Best (or Worst) Hill Climbs in the Eastern Sierra

As the hill gets steeper and steeper I try to shift into a lower gear, but realize I’m already maxed out. I scoot forward on my seat to keep my weight and momentum forward as the fatigue sets in. My quads are burning and it feels so good. The sign to Minaret Vista is a welcome sight. The good (and bad) news is that Mammoth Lakes is situated on the edge of the Eastern Sierra, which means any road you want to ride is most likely going to climb a mountain pass. It’s a destination for cyclists who love hill climbing. Anyone who finds pleasure and the triumph of cresting a summit will find this place to be their playground. Here are a few of our favorite hill climbs for cyclists in the Eastern Sierra.

Minaret Vista and Reds Meadow

If you want to get a taste of hill climbing, riding and out-and-back to the Minaret Vista is a great place to start. Take it a step further by descending to Reds Meadow and climb back up again. With a 4% grade on the east side and 6% grade on the west side you’ll be winded and happily fatigued the end of this 28-mile ride. Oh, and the views of the Minarets from the top are incredible.

Distance: 28 miles round-trip (starting/finishing at the Village)

Lowest Elevation: 8,050 feet

Highest Elevation: 9,265 feet

Difficulty: It’s a grind, but the ascent is divided in two parts, so you’ll have a nice rest  and view at the Minaret Vista at the top of the ride, but remember you have to climb there twice for nearly 3,000 feet of total elevation.

Old Mammoth Road to Mammoth Lakes Basin

The Lakes Basin Path from The Village at Mammoth to Horseshoe Lake is a nice 5-mile climb that is a good introduction to hill climbing at altitude, however the alternate route to the Mammoth Lakes Basin is a steep grind of a climb that will make the meandering path seem like child’s play. Head up Old Mammoth Road past The Bluffs and past Mammoth Rock Trail, keep going as the road twists, turns and climbs at a sustained 4% grade. At the top, cruise the paved path to Horseshoe Lake.

Distance: 10 miles round-trip (starting/finishing at The Village at Mammoth)

Lowest Elevation: 7,914 feet

Highest Elevation: 8,966 feet

Difficulty: The ride is short, but steep and sweet.

Tioga Pass

Your legs will be begging for mercy at the top of Tioga Pass. This road not only climbs straight up a mountain pass for 12 unrelenting miles, but it also climbs to 10,000 feet. You’ll climb anywhere between 4% to 7% grade and the top of the pass is the Yosemite National Park border. The best views are to the east of Mount Dana, Lee Vining Canyon and the Dana Plateau. Enjoy the screaming fast descent on the edge of a cliff before cruising in to the Mobil Station’s Whoa Nellie Deli for fish tacos and a mango margarita.

Distance: 16 miles round trip from Lee Vining (70+ round trip from Mammoth)

Lowest Elevation: 6,840 feet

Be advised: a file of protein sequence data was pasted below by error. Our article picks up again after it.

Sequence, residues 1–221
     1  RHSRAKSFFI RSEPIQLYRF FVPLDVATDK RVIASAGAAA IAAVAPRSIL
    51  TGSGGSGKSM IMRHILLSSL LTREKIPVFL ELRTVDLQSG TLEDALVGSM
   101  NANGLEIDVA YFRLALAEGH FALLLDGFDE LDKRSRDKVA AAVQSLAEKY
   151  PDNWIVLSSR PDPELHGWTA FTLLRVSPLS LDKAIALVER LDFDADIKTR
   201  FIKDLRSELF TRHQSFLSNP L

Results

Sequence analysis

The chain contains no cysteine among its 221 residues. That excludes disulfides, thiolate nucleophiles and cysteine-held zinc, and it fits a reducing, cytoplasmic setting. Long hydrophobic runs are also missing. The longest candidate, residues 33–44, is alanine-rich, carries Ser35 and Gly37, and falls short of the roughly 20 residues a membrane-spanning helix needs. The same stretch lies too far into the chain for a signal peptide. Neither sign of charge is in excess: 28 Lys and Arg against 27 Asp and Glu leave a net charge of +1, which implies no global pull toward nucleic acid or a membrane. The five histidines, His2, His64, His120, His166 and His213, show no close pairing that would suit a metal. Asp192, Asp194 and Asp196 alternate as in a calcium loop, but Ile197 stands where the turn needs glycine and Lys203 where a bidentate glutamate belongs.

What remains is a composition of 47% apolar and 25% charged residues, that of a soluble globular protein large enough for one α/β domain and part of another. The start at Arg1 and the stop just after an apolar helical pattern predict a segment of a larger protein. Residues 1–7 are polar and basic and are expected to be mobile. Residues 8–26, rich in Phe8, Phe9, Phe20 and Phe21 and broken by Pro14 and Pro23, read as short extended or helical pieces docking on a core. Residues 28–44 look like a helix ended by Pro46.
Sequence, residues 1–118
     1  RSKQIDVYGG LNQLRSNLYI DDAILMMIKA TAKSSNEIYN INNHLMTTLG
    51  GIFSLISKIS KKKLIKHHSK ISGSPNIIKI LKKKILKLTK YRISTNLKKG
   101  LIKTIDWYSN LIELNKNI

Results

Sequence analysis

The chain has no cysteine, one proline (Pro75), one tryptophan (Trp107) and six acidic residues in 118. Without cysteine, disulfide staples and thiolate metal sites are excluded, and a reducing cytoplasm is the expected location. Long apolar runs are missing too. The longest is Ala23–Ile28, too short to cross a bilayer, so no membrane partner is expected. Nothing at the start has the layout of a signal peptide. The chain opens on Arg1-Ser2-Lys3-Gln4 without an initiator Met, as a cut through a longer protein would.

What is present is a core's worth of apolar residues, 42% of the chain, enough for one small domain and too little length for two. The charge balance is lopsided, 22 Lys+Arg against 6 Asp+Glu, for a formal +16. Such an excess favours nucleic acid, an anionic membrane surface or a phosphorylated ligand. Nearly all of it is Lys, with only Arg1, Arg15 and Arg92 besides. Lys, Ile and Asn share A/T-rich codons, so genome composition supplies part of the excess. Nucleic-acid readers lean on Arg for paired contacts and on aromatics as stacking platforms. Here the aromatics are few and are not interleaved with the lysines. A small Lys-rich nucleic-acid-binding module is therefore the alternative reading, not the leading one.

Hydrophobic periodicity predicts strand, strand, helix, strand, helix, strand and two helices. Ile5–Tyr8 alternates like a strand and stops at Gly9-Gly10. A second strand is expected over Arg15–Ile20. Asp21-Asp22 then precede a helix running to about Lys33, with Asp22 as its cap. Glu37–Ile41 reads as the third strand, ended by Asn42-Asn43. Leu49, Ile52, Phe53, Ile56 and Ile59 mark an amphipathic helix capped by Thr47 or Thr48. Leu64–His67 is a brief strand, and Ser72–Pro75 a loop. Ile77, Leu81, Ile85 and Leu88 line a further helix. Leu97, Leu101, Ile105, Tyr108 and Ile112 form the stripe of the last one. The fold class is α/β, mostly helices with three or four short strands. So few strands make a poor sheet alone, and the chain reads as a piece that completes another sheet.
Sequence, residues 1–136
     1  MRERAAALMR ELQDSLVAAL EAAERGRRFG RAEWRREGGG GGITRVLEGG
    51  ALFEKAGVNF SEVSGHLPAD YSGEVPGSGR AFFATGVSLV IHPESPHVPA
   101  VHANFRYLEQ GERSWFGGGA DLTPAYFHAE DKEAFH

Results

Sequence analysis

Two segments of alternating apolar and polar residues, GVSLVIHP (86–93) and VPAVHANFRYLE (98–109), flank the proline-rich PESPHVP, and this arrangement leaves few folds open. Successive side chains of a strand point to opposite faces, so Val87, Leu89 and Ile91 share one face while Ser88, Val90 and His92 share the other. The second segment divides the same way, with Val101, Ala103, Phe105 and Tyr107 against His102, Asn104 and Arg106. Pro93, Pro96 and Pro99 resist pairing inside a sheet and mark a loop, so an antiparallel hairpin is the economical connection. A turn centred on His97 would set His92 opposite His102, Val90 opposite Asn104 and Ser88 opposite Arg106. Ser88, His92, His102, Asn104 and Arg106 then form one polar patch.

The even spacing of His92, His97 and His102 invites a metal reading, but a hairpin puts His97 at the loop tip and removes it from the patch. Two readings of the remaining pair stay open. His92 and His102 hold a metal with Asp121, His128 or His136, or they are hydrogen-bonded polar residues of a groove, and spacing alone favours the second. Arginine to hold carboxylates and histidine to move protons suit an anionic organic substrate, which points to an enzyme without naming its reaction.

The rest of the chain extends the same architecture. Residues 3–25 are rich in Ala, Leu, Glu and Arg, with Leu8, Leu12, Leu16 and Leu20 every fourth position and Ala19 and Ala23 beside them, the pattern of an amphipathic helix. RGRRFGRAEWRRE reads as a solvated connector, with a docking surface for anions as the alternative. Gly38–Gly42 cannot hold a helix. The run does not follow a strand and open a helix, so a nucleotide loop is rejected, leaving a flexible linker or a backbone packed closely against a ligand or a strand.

Highest Elevation: 9,947 feet

Difficulty: Brutal. If you are a real masochist, try doing this ride round trip to and from Mammoth Lakes via the Scenic Loop and June Lake Loop for a 70+ mile ride.

Rock Creek to Mosquito Flat

The famed pie-in-the-sky-ride is popular for a reason. The ride up Rock Creek Canyon is a sustained hill climb that tests even the best cyclists, but it also has an option to stop for the best homemade pie in the Sierra. Start at Tom’s Place and climb the winding narrow canyon more than 10 miles up to Mosquito Flat. The average grade is 6% and you’ll top out above 10,000 feet. Enjoy the view of the canyon and Rock Creek Lake as you begin the descent and stop in at Rock Creek Resort for that well-earned slice of pie before you cruise down.

Distance: 21.2 miles round trip

Lowest Elevation: 7,000 feet

Highest Elevation: 10,190 feet

Difficulty: Difficult, but any climb with pie at the top is worth it, right?

Wild Rose Summit

The notorious summit in the second half of the High Sierra Fall Century is not for the faint of heart. Start at the Green Church on Benton Crossing Road and pedal the rolling hills over a 7,500-foot pass before the ascent to Wild Rose begins. You might be surprised at how gradual the climb is, but that’s because you have not climbed the north side yet. Take the steep descent to Highway 120 and turn around to climb the real deal up to Wild Rose Again. It climbs 1,000 feet in 5-miles and tops out at an 8% grade. Enjoy the rolling hills back to the start. Bring plenty of water because there are no services along this ride.

Distance: 48 miles round trip from the Green Church

Lowest Elevation: 6,461 feet

Highest Elevation: 7,657 feet

Difficulty: Tough. Wild Rose on the north side is fall-off-your-bike steep, but the rest of the ride is enjoyable rolling terrain with epic views of the Eastern Sierra.

Monica Prelle

Monica Prelle is an outdoors, wine, and travel writer who would rather be running, climbing, or mountain biking. See more of Monica's posts here, read more of her work at monicaprelle.com and connect on twitter @monicaprelle

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